## April 18, 2019

### Are Games Getting Longer Because Teams Are Throwing More Pitches?

In a recent thread, someone commented:
The reason games are longer is there are many more pitches per game than there used to be. There are many more pitches because the whole philosophy of hitting has changed, seeking one of the three true outcomes. ... Stop with the pitching rules, and the number of seconds per pitch, and the time between innings, and the length of commercials. That's all BS. The problem is, there are many, many more pitches being thrown in games. And so games are longer.
After doing some research, I replied, but the post being commented on was several days old already, so perhaps few people saw it. I thought the question and the data was interesting enough to be its own post. My answer:
The facts do not bear this out.

This BRef 2010 blog post compared data from 1988 (the earliest year for which complete pitch data exists) and 2009. I looked at data for 2018 myself.
```1988: Teams averaged 136.2 pitches per game
2009: Teams averaged 147.4 pitches per game
2018: Teams averaged 148.4 pitches per game```
While there has been an increase of 12 additional pitches thrown per team per game over the last 31 years, there has been an increase of only 1 additional pitch per team per game over the last 10 years.
```1988: Pitches per PA: 3.59
2009: Pitches per PA: 3.83
2018: Pitches per PA: 3.89```
Back in 2004, The Hardball Times used the "Basic Pitch Count Estimator" equation (3.3*PA + 1.5*SO + 2.2*BB, where PA = 3*IP + H + BB) to estimate the number of pitches per team per game. (I added in the BRef data above.)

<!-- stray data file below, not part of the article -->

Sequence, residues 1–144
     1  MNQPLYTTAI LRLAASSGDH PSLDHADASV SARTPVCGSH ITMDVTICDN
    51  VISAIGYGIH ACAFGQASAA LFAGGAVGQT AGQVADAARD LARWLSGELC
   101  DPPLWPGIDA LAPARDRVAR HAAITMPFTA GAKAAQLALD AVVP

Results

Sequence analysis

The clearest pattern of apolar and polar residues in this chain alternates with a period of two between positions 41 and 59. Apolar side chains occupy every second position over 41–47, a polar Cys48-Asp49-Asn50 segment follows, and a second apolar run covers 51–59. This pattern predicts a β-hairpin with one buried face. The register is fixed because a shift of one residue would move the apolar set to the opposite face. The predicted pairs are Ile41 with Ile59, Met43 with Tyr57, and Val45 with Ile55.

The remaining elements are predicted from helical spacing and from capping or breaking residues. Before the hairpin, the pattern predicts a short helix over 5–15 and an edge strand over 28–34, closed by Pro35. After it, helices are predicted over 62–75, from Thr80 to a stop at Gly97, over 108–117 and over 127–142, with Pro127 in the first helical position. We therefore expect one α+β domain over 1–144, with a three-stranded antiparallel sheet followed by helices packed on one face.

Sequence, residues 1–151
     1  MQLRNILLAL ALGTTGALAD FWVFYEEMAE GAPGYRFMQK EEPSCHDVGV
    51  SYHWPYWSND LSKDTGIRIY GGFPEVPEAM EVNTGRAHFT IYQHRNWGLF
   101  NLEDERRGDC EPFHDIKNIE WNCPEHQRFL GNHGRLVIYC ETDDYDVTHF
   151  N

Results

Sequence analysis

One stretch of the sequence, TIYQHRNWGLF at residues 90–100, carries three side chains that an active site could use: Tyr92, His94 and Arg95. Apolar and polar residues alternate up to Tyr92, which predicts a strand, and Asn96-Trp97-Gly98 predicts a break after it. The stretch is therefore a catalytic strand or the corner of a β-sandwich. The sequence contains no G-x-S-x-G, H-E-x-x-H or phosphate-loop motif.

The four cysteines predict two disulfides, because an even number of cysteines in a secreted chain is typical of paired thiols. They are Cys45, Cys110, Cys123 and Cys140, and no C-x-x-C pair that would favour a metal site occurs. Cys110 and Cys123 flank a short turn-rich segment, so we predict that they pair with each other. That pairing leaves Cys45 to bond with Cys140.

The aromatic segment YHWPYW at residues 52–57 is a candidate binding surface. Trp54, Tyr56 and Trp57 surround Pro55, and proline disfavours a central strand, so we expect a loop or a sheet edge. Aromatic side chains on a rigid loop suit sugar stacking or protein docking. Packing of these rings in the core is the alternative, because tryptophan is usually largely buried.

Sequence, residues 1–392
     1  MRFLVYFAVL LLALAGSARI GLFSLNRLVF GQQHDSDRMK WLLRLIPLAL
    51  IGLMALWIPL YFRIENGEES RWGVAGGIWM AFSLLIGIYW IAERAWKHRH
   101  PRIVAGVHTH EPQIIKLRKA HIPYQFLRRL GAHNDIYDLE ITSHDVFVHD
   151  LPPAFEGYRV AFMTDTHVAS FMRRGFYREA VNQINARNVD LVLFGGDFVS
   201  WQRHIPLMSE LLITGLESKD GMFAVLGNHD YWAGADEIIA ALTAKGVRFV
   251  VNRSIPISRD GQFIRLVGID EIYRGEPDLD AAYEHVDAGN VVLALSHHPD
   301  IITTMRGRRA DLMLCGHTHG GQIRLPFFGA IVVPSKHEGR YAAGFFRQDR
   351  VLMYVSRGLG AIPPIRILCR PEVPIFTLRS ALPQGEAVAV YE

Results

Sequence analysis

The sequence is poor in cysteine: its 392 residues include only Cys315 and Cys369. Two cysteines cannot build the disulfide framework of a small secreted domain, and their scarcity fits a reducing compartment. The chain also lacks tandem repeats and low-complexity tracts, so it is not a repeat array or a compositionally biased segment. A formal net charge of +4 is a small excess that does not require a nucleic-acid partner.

```1950: 146
1955: 144
1960: 144
1965: 142
1970: 145
1975: 144
1980: 143
1985: 144
1988: 136 (BRef)
1990: 144
1995: 148
2000: 149
2003: 146
2009: 147 (BRef)
2014: 145 (BRef)
2018: 148 (BRef)```
Finally, Grant Brisbee wrote an award-winning article in 2017 comparing two similar games played 30 years apart:

April 13, 1984. Mets at Cubs. Home team won 11-2. There was a total of 27 baseruners, 74 batters, and 1 mid-inning pitching change. Total pitches thrown: 270. Time of Game: 2:31.

April 17, 2014: Brewers at Pirates. Home team won 11-2. There was a total of 27 baserunners, 75 batters, and 1 mid-inning pitching change. Total pitches thrown: 268. Time of Game: 3:06.

The 2014 game had 2 fewer pitches thrown, but took 35 more minutes to play.

Jere said...

Batters used to take a pitch, and then immediately prepare for the next pitch to come in, like you would at a pitching machine. This turned into stepping out of the box and doing a routine between every single pitch. Isn't that a big source of wasted time?

allan said...

That has to be a part of it, along with pitchers walking around the mound a couple of times after every pitch. And catchers' visits.

MLB's 20-second pitch clock (to come with the next CBA) would begin when the pitcher receives the ball back from the catcher. It would not be used for the first pitch of an at-bat. Also, the clock will not be used after a foul ball, a mound visit or when the umpire calls "time". The timer will reset to 20 seconds after a pickoff play, wild pitch or passed ball, or if a pitcher steps off the rubber with runners on base.

("The timer will reset to 20 seconds ... if a pitcher steps off the rubber with runners on base." I can see that happening a lot.)

Rule 5.07(c) stipulates the pitcher must deliver a pitch within 12 seconds of receiving the ball when there are no runners on base. However, that rule also states those 12 seconds begin only when the pitcher is in possession of the ball and the batter is in the box, alert to the pitcher.